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An Overview of Regeneron’s Business Model

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Regeneron’s business model

Regeneron (REGN) generates revenues in three ways: product sales, revenues earned through collaboration arrangements, and revenues earned from licensing proprietary technology.

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Product sales

Regeneron’s product portfolio comprises three drugs: Eylea, Arcalyst, and Praluent. Praluent was launched in July 2015.

Approved by the FDA in November 2011, Eylea is known in scientific literature as VEGF trap-eye. Originally approved for neovascular age-related macular degeneration (or wet AMD), the FDA subsequently approved the drug’s use to treat other eye ailments.

According to AMD.org, “Age-related macular degeneration (or AMD) is a progressive eye condition affecting as many as 15 million Americans, with 200,000 new cases each year. AMD causes severe vision loss because it attacks the macula of the eye, where our sharpest central vision occurs.”

AMD is further classified in two categories: dry AMD and wet AMD. With expanded indications, Eylea earned $1.2 billion in revenues in 1Q15. Due to its superior efficacy, the drug is a tough competitor to drugs such as Roche’s (RHHBY) Lucentis and Avastin, Novartis’s (NVS) Visudyne, and Pfizer’s (PFE) Macugen.

Arcalyst was approved by the FDA in 2008 for treating a rare genetic condition, cryopyrin-associated autoinflammatory syndromes (or CAPS). The drug earned $9.9 million in revenues in 1H15.

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Praluent, Regeneron’s new PCKS9 inhibitor drug, is considered to be a breakthrough drug and is expected to become a blockbuster therapy. According to Leerinks Partners Analysts, the drug should earn more than $5 billion in peak sales. Peak sales is an estimation of the maximum revenues that a drug can earn in its life cycle.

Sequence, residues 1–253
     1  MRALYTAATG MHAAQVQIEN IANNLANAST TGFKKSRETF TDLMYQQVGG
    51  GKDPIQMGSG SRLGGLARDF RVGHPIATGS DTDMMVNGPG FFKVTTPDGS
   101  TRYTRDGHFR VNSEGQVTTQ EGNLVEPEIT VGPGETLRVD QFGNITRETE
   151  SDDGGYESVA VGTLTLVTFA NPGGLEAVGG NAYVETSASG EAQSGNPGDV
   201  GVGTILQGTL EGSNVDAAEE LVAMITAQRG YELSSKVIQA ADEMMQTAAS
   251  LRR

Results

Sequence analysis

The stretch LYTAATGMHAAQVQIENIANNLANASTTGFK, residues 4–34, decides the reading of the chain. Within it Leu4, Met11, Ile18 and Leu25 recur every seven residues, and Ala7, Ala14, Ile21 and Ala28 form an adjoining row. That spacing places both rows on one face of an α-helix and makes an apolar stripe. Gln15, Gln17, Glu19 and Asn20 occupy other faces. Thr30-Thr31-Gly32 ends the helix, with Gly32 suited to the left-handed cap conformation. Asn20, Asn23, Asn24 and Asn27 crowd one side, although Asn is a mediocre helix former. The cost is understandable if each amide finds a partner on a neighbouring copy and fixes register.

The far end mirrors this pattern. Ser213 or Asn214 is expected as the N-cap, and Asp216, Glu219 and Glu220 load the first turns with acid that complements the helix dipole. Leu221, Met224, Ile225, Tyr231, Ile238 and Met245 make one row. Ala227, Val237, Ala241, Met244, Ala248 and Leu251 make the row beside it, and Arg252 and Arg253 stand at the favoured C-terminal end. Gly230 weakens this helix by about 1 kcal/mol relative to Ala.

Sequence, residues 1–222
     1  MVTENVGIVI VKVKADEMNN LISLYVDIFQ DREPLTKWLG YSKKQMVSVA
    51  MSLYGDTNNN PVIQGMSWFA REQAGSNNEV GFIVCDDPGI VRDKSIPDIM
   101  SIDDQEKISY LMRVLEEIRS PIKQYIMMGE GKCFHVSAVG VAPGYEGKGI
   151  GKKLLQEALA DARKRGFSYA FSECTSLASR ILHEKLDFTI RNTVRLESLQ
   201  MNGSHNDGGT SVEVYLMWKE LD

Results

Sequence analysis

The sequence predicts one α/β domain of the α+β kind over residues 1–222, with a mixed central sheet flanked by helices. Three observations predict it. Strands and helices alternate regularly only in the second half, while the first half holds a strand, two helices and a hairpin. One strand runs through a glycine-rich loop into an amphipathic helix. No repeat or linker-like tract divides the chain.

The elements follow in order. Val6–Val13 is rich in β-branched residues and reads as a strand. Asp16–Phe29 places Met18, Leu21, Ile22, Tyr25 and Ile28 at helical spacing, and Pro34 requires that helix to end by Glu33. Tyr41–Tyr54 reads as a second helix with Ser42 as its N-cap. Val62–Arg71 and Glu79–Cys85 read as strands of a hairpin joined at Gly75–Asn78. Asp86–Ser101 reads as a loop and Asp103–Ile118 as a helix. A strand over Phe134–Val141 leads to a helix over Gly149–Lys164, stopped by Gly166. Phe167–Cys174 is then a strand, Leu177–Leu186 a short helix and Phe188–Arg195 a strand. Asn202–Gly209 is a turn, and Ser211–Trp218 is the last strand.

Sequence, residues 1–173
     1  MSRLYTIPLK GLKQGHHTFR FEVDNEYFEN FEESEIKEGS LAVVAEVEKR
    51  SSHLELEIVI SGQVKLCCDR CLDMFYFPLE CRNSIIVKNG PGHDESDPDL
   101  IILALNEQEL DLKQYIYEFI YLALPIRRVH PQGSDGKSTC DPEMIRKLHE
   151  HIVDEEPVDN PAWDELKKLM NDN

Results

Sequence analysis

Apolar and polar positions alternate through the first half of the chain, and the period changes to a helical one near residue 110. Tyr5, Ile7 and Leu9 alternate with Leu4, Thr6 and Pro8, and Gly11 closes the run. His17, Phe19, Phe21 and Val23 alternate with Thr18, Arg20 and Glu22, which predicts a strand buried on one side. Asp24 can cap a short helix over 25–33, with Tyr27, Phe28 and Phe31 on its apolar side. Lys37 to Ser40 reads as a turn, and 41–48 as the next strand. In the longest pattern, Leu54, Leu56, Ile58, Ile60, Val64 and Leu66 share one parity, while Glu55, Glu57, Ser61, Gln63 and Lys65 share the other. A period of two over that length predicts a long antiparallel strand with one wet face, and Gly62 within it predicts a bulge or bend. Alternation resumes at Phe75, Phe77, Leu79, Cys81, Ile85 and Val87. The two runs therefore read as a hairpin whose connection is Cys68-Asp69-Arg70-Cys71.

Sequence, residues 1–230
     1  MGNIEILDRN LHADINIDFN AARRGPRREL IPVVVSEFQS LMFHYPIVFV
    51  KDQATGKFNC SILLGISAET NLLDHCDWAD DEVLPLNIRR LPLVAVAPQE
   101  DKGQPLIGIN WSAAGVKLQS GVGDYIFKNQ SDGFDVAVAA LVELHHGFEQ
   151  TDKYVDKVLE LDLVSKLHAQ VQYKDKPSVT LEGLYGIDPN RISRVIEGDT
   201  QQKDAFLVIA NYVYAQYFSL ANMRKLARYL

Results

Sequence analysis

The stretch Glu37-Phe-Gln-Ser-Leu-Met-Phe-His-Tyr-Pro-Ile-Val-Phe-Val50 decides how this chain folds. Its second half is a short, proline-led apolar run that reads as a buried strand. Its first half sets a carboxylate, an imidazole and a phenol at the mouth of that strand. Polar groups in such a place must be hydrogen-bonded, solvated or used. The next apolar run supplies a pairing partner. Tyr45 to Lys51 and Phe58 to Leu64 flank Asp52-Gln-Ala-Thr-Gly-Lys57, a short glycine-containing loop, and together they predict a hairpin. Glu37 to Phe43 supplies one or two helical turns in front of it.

Collaboration revenue

Regeneron earns most of its collaboration revenue from Sanofi-Aventis and Bayer HealthCare. Depending on the terms of the agreement, these revenues are paid for the services, technology, rights, and goods provided by Regeneron throughout the development and commercialization phases of the specified product.

The revenues can be further classified as upfront licensing payments, milestone payments upon completing certain research targets, payment for services provided, and a share of the profit or loss realized on the commercialization of the product.

Technology licensing

Regeneron also receives technology licensing revenues from Sanofi and Astellas. The company also receives royalty payments from global sales of Novartis’ Ilaris.

Investors can get diversified exposure to Regeneron’s strong drug portfolio, yet avoid company-specific risks, by investing in the iShares NASDAQ Biotechnology ETF (IBB). IBB has 7.34% of its total holdings in Regeneron.

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